BOOK REVIEW: Ballistic, by Marko Kloos

spoilers for Aftershocks. Proceed at your peril-

ballistic.jpg

Publisher: 47North

Series: The Palladium Wars (#2)

Genre: Military SF

Pages: 306

Publication Date: 26/05/2020

Verdict: 4/5

Aden is trying to put his life back together after the war, and has finally found a way to leave his past behind. But not everyone is so keen to let sleeping dogs lie, and the threat of renewed conflict is always on the horizon . . .

The second part of Kloos’ far-future military saga continues the interlinked stories of Aden, Idina, Solveig and Dunstan as they adjust to life in a post-war solar system. It’s a touch longer than the opening volume, and with a more balanced spread of character viewpoints. Dunstan in particular gets far more to do this time around, and the characters are now crossing paths in more ways than one.

This better spread of viewpoints means that Aden takes a backseat for much of the book, though it remains his arc that binds the others together. Aden is growing comfortable in his new life as a smuggler, in the Firefly sense of the word. His sister Solveig continues to run the family business. While her storyline links the most tightly to his, it also feels the weakest. In a book as short and fast-paced as this, there is little room for the drama of the board-room to be explored. Aden’s path also crosses with Dunstan’s, finally bringing him into the main story. Dunstan is where Kloos’ military background really shines, and he brings a more sympathetic side to the military. Idina’s chapters are perhaps the weakest link in the chain, as her story seems largely unconnected to the larger events of the narrative. This is a shame, as her chapters are some of the best.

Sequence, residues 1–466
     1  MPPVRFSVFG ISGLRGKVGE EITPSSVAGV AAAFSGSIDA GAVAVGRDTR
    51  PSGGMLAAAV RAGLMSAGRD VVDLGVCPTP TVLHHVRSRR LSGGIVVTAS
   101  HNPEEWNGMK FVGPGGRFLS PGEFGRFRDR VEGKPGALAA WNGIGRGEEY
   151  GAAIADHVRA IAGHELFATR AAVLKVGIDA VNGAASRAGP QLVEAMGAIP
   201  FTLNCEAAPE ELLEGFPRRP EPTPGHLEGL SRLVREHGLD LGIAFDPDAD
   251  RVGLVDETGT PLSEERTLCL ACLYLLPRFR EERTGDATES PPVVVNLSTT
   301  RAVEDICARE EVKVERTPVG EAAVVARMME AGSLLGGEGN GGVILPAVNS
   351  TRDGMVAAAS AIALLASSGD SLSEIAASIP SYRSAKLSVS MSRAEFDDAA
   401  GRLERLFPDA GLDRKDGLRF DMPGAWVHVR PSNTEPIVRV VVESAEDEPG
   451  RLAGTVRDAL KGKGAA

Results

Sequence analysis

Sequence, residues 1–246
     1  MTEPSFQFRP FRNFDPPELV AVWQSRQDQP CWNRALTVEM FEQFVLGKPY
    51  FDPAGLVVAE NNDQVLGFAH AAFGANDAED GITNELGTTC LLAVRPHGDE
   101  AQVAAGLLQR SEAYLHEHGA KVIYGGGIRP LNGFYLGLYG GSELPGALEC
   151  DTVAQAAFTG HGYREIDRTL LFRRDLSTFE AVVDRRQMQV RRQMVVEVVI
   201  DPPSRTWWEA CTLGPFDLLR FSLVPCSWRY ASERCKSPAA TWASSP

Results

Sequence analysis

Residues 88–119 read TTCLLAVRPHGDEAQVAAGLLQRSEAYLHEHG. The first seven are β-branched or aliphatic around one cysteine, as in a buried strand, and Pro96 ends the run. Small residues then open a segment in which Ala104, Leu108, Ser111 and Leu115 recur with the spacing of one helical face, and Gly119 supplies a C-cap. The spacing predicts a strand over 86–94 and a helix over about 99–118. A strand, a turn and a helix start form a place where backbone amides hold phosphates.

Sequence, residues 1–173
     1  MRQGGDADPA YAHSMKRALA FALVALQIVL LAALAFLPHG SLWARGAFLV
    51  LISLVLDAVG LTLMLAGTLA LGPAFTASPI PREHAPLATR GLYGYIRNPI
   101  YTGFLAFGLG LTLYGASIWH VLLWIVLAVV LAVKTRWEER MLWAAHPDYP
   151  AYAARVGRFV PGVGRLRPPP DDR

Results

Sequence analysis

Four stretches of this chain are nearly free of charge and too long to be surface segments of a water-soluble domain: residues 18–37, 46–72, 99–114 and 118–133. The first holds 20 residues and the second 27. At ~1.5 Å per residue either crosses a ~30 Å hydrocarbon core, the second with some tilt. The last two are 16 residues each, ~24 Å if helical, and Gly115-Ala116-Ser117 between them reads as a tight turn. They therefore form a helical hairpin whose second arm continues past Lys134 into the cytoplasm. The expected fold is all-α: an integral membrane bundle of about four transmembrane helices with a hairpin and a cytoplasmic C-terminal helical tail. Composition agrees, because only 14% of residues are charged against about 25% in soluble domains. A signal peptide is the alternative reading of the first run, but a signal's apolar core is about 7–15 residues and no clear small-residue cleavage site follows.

Throughout the book, Kloos deals deftly with some fairly weighty topics. How do you move on after a war? What is it like to live under military occupation? Can you forgive others, or even yourself? What I particularly admire is that Kloos does not attempt to provide any concrete answers. The characters may reach decisions, but the author is always a step back from that. Though the themese are heavy, the book never drags. It may not be quite as action-packed as the first book, but there are still some great set pieces here, including one neat little ship-on-ship piece of action.

As with its predecessor, Ballistic‘s only real failing is that it can feel over-stuffed at times. With four viewpoints and only three hundred pages (and the font s hardly the smallest in the world), there are inevitably thingsthat don’t get detailed as much as I would like. I would happily read a novel twice this size, although I admit the low page count is a nice treat between larger tomes. I’m not sure how long this series is going to be overall, butI wouldn’t be surprised if took more than just a trilogy to fully explore the world Kloos has created here.

All things considered, Ballistic is a nice little slice of military drama, with a fair balance between plot, world and characters. It may not be the most memorable piece of SF out there, but it’s one you won’t regret trying out.

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